First, in order to defend Desdemona's chastity, Emilia challenges the societal norm of silence. Recall the incident when Othello calls Desdemona a "whore" for cheating. In response, Emilia protests loudly against Othello and attempts to disprove his belief that Desdemona is not chaste: "A halter pardon him [Othello]! And hell gnaw his bones! / Why should he call her [Desdemona] whore? (4.2. 143,144). Instead of Emilia conforming to the attribute of Renaissance women as silent, she condemns Othello for his false accusations against her mistress, Desdemona. Later in the play, after finding Desdemona killed, Emilia challenges silence again: "As ignorant as dirt! Thou hast done a deed-... / The Moor hath killed my mistress!" (5.2. 171,174). Although Othello tells Emilia that it would be "best" for her to remain silent, she ignores his request and ridicules him for killing "sweet" Desdemona (5.2. 169).
In Shakespeare’s play Othello, the male characters perceive women as adulterous and property, treating them as inferior that need to be submissive and obey. Iago creates a false perception of his wife thinking she is promiscuous. Also, Othello sees his wife as promiscuous, an impression created by his jealousy and one he has convinced himself of it. Furthermore, Iago and Othello perceive their wives as inferior, and by his words, the reader can see that they are both their wife and subordinate. At last, the male characters refer to Desdemona’s marriage as a “steal” and “purchase” of property, then, Iago and Othello end their wives’ lives because they see them as possessions of no good.
...of Elizabethan England and put women in their place. Men view women as possessions, who are to remain obedient and submissive all the time. The only power over men women have is their sexuality, which is seen as evil and is to be resisted my men. Men are free to call women whores and accuse them of lewd acts with no substantial evidence. However there is a suggestion that women are starting to question the male authority society has set, this is evident when Desdemona is conversing with Emilia: 'Nay, we must think men are not gods" (III.4.144). This suggests that Desdemona had viewed men as god like in the past, but perhaps her experiences with Othello have changed her mind. The language and actions of the three women in Othello, while they seem to follow the expectations and standards of society, also seems to take a big step towards a more egalitarian society.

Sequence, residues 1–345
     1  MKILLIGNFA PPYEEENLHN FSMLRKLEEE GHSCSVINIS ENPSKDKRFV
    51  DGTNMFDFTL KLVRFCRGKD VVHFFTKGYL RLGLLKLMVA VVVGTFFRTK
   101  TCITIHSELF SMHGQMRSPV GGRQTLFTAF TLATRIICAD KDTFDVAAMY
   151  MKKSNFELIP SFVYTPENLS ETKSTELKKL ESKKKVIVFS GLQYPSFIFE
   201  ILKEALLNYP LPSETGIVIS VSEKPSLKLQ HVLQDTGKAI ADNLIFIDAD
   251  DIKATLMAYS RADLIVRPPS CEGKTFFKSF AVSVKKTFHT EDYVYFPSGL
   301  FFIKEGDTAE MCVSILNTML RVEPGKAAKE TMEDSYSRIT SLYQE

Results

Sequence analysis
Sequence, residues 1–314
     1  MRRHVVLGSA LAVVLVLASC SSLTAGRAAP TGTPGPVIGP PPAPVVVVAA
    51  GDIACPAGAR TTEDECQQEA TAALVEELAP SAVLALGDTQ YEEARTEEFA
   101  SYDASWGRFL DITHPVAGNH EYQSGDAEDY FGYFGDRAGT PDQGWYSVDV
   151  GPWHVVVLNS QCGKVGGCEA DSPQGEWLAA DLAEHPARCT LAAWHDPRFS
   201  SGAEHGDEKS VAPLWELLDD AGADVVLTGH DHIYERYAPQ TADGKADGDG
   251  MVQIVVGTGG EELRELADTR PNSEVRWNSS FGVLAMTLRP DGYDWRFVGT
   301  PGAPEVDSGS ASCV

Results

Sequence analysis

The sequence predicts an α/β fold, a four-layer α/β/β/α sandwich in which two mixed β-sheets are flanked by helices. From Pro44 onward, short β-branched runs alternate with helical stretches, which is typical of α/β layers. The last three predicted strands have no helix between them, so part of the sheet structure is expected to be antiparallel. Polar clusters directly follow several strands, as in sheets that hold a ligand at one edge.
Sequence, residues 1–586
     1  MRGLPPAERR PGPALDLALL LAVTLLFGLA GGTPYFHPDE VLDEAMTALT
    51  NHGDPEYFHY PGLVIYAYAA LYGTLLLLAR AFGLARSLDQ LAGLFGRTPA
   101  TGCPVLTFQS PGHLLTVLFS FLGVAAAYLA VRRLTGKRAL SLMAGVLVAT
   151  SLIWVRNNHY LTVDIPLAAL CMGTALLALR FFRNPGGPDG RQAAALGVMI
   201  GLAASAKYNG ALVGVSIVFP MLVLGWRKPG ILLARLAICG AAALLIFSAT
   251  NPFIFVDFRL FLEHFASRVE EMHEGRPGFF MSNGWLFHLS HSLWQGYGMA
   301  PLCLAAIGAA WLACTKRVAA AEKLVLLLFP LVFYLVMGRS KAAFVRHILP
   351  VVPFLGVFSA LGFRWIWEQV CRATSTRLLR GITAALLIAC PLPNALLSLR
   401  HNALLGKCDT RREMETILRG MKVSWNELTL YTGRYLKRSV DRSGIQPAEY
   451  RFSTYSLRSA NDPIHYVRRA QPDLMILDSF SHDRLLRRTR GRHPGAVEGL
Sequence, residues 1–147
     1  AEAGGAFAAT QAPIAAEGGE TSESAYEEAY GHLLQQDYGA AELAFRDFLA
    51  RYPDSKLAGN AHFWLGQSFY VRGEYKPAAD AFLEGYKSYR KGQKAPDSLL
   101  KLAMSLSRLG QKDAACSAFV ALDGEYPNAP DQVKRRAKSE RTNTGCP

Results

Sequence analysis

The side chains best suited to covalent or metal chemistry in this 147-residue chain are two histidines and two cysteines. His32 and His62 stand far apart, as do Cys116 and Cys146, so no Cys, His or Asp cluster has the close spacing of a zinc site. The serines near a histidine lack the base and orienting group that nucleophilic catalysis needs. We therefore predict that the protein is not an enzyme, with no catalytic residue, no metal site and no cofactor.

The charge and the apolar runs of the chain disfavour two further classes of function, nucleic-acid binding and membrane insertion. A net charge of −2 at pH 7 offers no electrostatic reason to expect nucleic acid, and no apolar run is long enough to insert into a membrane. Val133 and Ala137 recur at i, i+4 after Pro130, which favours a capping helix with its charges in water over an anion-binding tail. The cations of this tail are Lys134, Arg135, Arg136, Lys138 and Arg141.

By constantly degrading and disrespecting her, Emilia grows to become bitter towards the idea of marriage and men in general. However, Emilia also understands her role as a wife and how she should behave as such. Though Iago appears to have little respect for her, Emilia still holds a certain amount of respect for her husband. Though she does not outright praise Iago, she also does not speak any ill-words of him until the very end of the play when his true character is revealed. She portrays him to be empathetic, such as when she and Desdemona are Cassio’s demotion and says that, “it grieves my husband/ As if the cause were his” (Shakespeare 3.3.3-4). Emilia contributes to Iago’s reputation as a good man by never denying it or disputing it. In her unwavering loyalty to not only Desdemona, but also to Iago, she drives the main conflict of the play. In her time period, Emilia must satisfy her husband’s need, whatever it may be. When Iago implores Emilia to steal away the handkerchief, an object she knows will spark conflict, she does so anyway in order to appease her husband. Emilia even confesses to not knowing her husband’s plan, saying, “What he
The play Othello is presented as a male-dominated society where women are only recognized as property; objects to own and to bear children. Women in the Elizabethan society and in Shakespeare society were not seen as equal to men and were expected to be loyal to their husbands, be respectful, and to not go against their husbands judgements or actions. Shakespeare presents Desdemona, Emilia , and Bianca as women in the Elizabethan time where they were judged based on their class, mortality, and intelligence. Shakespeare makes his female characters act the way they would be expected to act in an Elizabethan society. The role of these women in Othello is crucial because they show how women were treated and how unhealthy their relationships between men really were in both Elizabethan and Shakespeare's society.